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iCloud Rant - An unfortunate adventure out of the eco-system

I've had the misfortune over the last few years of having to deal with various annoying aspects of iCloud's email service, and would like to take this opportunity to explain my thoughts (read 'vent') as well as look more objectively at what is wrong and right about the way iCloud email is set-up.
Bear in mind, this post is coming from a place of frustration, so it almost certainly going to contain hyperbole and as such, I would direct you to do me the huge favour of not taking anything I say here all to seriously.
With that settled, let's begin.


I have for many years now had an icloud account. This stems from my iPhone, iPod Touch and MacBook wielding days and served me largely very well over this time. However, in the last few years I have made the switch to Android and Linux, for my phone and laptop respectively. This has led to a number of difficulties (to be fair some of which stem from the way this iCloud account was setup - which I'll ge into), and has ultimately made me angry enough to write this post.
The crux of the problem, is that I genuinely cannot access my email a large percentage of the time, and otherwise I have to settle for an inferior experience, with no option of changing. The most frustrating part of this all is that Apple has been malevolent and disrespecting to it's non eco-systemed, wall-gardened users and actively made their services more difficult to use in this situation. It is not only bad design and a poor user experience but arguable even anti-competitive.

Part 1 - My Bad

As I alluded to in the previous section of this post, I am partly to blame for this less-than ideal situation I now find myself in and this is due to the way my iCloud account was setup.
Back when I was in school I decided I would like to no longer like to use my hotmail account, for a number of reasons, but largely, I felt I had outgrown the 'pink_bananas' moniker.
While setting this up, I of course opted for an iCloud email (I had a macbook and an iPhone at the time).
Once I had set it up, I realised I would still like to access the families' movie and music collection. (I believe this all happened before Family Sharing was a thing). So I signed into my parents' Apple account as well. The un-intended side effect of this action, was that it seems now that this inextricable linked our iCloud accounts together.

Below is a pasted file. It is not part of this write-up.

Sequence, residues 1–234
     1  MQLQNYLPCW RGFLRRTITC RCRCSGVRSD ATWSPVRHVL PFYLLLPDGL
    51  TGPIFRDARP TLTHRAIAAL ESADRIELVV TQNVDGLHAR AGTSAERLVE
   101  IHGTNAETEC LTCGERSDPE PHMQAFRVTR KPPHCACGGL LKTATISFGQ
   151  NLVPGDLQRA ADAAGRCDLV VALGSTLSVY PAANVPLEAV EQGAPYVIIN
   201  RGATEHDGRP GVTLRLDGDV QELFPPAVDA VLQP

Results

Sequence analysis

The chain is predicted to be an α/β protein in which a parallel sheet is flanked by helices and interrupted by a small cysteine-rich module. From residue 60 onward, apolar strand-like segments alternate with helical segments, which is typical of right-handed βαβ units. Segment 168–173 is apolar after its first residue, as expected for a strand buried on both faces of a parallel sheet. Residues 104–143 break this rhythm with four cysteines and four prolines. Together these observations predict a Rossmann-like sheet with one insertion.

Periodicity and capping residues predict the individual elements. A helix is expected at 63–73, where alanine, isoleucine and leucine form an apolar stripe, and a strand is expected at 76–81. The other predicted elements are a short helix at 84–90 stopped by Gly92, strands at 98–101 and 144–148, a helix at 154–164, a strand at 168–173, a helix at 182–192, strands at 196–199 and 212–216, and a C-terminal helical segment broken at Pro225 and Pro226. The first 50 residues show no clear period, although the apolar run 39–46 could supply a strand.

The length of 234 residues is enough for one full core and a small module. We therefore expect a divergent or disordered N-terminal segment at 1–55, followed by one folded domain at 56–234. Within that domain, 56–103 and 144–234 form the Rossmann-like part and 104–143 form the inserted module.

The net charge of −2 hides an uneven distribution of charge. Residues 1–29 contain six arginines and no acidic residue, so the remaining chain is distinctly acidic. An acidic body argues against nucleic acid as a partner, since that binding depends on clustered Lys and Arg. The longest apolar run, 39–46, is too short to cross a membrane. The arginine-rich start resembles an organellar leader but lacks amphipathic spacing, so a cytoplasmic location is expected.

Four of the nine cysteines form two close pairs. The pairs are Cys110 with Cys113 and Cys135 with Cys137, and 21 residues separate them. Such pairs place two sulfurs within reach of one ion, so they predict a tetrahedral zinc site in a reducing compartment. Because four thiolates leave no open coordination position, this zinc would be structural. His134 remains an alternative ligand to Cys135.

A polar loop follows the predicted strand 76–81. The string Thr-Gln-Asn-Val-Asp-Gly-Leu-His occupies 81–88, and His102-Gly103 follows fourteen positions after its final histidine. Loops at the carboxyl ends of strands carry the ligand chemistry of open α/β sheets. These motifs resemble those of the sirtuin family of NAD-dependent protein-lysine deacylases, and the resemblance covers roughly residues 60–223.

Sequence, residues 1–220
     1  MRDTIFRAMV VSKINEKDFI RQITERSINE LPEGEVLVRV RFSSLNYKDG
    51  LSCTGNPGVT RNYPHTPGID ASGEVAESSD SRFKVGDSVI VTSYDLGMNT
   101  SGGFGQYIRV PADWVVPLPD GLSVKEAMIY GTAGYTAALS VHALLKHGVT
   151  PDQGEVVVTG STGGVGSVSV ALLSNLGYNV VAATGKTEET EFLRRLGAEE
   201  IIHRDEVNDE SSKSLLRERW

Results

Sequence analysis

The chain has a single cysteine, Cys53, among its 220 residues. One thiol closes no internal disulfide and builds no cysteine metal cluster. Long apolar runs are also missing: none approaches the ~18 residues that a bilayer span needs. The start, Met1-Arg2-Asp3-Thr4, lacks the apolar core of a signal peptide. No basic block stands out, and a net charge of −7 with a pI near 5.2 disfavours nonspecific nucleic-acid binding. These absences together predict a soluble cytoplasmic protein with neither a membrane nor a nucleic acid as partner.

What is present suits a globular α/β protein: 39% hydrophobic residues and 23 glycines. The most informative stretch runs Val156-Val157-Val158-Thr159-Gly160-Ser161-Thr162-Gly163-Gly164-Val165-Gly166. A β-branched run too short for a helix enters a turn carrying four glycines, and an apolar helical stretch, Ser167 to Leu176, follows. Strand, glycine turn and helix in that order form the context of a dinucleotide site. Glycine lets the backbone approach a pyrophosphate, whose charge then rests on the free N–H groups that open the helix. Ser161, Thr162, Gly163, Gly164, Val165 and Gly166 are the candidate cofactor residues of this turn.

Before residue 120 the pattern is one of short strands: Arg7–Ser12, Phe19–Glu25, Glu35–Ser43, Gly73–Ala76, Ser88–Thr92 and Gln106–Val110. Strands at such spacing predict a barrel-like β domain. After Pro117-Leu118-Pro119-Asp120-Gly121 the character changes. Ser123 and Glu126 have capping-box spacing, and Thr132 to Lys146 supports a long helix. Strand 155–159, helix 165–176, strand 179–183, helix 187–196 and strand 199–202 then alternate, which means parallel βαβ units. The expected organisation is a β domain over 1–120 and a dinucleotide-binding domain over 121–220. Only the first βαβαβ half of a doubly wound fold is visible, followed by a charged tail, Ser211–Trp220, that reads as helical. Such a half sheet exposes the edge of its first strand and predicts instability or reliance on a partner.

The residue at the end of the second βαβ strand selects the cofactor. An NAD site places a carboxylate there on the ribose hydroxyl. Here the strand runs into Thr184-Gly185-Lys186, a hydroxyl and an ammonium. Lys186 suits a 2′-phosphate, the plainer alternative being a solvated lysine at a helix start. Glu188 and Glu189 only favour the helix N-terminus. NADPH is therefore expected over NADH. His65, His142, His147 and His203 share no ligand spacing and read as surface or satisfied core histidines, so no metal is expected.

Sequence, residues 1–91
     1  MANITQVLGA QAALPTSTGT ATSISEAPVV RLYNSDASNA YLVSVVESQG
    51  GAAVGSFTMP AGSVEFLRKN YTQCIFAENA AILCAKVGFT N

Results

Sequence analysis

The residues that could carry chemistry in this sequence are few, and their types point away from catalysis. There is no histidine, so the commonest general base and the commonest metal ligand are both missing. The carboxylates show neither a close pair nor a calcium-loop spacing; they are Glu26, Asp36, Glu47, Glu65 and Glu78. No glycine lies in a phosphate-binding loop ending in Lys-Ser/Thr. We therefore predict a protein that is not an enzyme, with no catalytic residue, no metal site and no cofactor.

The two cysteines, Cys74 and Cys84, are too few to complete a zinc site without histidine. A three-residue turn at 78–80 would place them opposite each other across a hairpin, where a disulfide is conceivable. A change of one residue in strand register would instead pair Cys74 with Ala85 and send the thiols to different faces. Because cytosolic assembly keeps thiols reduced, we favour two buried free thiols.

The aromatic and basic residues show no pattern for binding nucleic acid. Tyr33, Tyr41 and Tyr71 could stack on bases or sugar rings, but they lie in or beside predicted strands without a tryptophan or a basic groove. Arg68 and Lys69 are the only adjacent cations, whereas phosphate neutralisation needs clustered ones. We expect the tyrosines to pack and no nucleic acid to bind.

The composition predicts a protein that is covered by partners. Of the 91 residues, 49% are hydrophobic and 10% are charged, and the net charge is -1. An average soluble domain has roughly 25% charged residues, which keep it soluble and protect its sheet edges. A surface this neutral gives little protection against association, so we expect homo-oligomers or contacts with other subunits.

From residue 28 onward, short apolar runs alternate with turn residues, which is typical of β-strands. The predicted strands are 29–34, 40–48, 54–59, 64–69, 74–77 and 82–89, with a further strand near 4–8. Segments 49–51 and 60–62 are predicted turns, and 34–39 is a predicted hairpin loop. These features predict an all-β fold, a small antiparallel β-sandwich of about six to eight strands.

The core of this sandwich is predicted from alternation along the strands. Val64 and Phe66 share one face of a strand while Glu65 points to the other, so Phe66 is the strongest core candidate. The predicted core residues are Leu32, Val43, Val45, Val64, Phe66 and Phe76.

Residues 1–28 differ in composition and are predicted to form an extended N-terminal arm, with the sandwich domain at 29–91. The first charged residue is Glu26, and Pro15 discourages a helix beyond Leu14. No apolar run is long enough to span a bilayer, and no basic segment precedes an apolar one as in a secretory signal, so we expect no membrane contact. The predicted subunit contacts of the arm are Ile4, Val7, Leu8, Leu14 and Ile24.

Now this was probably an error on my part, and in fact there may even have been a dialog explaining this process (my recollection of these events is hazy), it helped to ensure that the proceeding events could unfold in a most unhelpful manner.

Part 2 - App Specific Passwords

Some time ago, Apple took two excellent steps for security, which I think they should be applauded for, those being:

  • App Specific Passwords for Third Party Apps
  • 2FA Authentication for iCloud accounts
I was genuinely excited when I read this news, however this quickly translated into bitter grumblings when I tried to add a password for my favourite email client at the time. (Spark)
I made the unfortunate discovery that these two boosts to security where not mutually exclusive, i.e. in order to be able to obtain an app specific password for Spark (read: 'Use the app'), I must first enable 2FA on my iCloud account.
This would have been fine, however as explained in Part 1, my iCloud account was now linked, for reasons best known to Apple, or perhaps Year 9 me, and as such this triggered 2FA for my parents' devices as well.
This turned out to be a huge nuisance, as my Dad or Mum would try and buy something on the App Store and it would prompt them to authorize this request via another device, but the notification would only come to my computer, or some other ridiculous scenario.
All in all this lead to the decree, that the 2FA authentication be turned off. Fair enough, except I could no longer use Spark and I was relegated to Apple's Mail.
You may think this is the meat of my complaining, but just you wait, there is more to come.

Part 3 - Non-Apple Email is Torture